BRICS Countries Open to New Members as Tunisia is the Latest Country to Seek Approval

Amidst their efforts to curb international reliance on the US dollar, the BRICS nations have stated their openness to new members, according to Chinese Foreign Ministry spokesman Wang Wenbid. Moreover, Tunisia is the latest country seeking approval to join the coalition.

The economic bloc is comprised of Brazil, Russia, India, China, and South Africa — known collectively as BRICS. Subsequently, the collective has made headlines for its efforts in developing its very own currency to combat the prominence of the US Dollar.

BRICS to Welcome New Members

The international global powers are undoubtedly facing a shift in recent months with the growing prominence of BRICS. Subsequently, the economic bloc has already surpassed the G7 countries in GDP (PPP) and are maybe continuing its expansion.

Specifically, the BRICS countries are open to new members, according to Chinese Foreign Ministry spokesman Wang Wenbid. Conversely, the statements arrive alongside reports of Tunisisa’s desire to join the collective.

Source: Institute for New Economic Thinking

“The 14th BRICS Summit’s Beijing Declaration made clear the organization supports membership expansion,” Wenbin stated. Additionally, he remarked, “China upholds the BRICs spirit of openness, win-win cooperations to accelerate the process.”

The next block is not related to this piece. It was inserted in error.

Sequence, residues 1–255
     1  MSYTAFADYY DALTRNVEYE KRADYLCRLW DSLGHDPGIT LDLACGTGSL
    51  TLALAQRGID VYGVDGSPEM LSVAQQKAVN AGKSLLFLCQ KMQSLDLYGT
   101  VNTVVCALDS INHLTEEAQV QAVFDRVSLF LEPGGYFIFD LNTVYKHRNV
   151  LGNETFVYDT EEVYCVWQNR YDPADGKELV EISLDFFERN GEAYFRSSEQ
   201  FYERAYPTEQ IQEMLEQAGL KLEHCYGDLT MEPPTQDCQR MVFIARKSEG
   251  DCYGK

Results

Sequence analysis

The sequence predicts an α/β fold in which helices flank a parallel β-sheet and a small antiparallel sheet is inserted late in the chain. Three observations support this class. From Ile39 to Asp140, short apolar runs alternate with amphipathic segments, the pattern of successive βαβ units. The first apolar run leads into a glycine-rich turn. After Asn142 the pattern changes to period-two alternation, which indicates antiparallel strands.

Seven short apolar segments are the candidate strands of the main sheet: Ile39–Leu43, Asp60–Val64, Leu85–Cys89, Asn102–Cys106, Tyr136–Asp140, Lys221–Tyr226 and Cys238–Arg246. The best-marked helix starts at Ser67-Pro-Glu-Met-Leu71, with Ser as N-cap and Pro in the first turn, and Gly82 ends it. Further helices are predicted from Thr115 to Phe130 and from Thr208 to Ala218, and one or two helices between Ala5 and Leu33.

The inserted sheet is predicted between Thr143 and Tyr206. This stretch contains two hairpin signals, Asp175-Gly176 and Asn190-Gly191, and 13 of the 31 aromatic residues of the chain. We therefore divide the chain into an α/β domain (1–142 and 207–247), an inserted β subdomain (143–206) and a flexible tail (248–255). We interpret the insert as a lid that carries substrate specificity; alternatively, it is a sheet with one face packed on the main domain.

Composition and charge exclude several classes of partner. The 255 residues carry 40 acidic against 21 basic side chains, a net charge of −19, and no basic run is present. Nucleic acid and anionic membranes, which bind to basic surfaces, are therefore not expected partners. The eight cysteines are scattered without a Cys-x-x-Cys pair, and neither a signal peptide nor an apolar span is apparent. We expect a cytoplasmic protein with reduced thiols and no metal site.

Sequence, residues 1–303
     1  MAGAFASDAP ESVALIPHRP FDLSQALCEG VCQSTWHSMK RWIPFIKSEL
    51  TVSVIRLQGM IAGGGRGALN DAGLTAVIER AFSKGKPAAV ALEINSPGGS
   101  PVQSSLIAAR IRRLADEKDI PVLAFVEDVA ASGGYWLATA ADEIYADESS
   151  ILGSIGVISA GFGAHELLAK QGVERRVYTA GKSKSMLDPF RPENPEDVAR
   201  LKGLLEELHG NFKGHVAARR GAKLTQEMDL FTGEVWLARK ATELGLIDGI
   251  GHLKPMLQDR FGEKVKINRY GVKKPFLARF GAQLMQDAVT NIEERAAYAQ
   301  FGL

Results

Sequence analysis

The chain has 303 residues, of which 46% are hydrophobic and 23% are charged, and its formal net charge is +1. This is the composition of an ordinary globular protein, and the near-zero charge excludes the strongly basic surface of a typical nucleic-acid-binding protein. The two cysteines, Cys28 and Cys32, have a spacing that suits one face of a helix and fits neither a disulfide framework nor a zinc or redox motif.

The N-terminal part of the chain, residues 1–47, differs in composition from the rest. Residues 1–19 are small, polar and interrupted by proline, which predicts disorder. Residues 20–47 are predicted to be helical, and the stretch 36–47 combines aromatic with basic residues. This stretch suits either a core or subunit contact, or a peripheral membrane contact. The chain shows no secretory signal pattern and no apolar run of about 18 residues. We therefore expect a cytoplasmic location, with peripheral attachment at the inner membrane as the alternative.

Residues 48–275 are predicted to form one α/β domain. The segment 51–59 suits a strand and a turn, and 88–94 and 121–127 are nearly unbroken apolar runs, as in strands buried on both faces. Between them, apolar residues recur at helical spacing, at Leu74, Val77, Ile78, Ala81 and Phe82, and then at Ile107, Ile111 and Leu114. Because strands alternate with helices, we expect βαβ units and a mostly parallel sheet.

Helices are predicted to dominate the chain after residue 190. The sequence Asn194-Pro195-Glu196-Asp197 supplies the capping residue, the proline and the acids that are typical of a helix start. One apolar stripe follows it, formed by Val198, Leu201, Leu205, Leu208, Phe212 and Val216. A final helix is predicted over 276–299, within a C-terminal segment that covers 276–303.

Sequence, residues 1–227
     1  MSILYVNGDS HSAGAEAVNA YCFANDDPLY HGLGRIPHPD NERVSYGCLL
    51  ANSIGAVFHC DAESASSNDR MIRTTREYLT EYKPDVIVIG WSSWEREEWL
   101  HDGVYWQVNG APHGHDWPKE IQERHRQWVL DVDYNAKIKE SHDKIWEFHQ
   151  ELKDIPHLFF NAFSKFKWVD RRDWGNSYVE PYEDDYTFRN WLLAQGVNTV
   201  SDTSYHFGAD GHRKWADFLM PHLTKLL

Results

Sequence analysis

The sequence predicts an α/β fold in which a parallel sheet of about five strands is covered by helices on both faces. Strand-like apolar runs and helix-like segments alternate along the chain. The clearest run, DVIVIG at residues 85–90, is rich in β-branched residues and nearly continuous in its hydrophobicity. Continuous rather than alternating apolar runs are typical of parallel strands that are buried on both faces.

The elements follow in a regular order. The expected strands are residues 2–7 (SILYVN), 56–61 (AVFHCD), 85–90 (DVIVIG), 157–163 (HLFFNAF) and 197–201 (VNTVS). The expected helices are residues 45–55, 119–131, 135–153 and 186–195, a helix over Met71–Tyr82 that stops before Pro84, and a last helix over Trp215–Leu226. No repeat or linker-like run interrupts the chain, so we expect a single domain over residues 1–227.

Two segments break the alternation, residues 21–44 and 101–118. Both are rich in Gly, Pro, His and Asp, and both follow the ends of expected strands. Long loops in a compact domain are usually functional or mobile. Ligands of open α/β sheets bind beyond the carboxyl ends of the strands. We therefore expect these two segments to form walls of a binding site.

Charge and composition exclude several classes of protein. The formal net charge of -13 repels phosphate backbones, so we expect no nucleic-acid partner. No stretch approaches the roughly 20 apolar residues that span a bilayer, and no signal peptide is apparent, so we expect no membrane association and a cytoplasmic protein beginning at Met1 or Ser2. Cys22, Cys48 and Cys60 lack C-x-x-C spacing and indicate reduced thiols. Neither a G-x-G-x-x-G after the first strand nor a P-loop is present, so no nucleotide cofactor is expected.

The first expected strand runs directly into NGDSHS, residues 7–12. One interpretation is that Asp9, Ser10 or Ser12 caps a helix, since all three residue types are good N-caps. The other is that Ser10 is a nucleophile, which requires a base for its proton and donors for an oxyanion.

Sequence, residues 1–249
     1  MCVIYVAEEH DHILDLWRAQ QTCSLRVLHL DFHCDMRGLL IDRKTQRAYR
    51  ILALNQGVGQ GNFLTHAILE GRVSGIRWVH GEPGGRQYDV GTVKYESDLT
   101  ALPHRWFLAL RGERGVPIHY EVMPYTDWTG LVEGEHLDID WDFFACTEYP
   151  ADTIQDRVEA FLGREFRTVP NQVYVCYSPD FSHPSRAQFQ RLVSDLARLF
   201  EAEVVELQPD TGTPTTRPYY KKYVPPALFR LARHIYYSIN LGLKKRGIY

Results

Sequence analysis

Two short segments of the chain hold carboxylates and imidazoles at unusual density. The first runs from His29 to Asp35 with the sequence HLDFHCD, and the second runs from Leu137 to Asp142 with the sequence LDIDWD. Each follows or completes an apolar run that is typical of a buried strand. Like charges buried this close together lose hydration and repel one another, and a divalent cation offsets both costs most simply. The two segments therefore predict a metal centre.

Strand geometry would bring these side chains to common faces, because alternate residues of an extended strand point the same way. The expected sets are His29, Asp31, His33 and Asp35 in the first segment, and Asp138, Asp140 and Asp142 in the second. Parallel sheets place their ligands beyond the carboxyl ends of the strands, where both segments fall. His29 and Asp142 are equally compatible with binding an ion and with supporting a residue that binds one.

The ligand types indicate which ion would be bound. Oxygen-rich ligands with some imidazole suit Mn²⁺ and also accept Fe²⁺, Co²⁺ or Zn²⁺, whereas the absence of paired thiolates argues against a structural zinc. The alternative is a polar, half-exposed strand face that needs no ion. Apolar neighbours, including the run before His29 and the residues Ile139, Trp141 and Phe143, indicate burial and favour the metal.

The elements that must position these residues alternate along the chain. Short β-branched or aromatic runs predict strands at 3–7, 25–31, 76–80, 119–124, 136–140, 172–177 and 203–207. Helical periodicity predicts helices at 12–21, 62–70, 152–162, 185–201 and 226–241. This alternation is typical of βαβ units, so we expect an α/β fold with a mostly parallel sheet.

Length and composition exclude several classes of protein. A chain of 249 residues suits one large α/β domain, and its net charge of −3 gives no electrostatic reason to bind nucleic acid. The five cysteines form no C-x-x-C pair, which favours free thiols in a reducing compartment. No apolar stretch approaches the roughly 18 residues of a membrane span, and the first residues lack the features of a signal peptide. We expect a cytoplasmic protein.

The organization was first set up in 2009, known then as BRIC. Thereafter, South Africa joined the countries the following year, displaying a willingness to accept new members. Now, the spokesman for Tunisia President Kais Said, Ben Mabrouk, verified Tunisia’s interest.

Mabrouk stated, “Tunisia opened up several opportunities to the EU to give the country economic support,” the National News reported. “But the Europeans were slow, which pushed Tunisia to move toward the BRICS group for funding and investments.”

Global Power Shift

A BRICS expansion is certainly in favor of the ideals presented by the current core of countries. Moreover, as the power balance is shifting from the West, a desire to create its own currency could propel the importance of the collective.

Conversely, Tunisia is not alone in its desire to join the collective. Specifically, it has been reported that countries like Egypt, Saudi Arabia, Iran, Turkey, Indonesia, and Argentina are submitting applications. Thus, proving the international allure of the collective and the waning power of the G7 countries.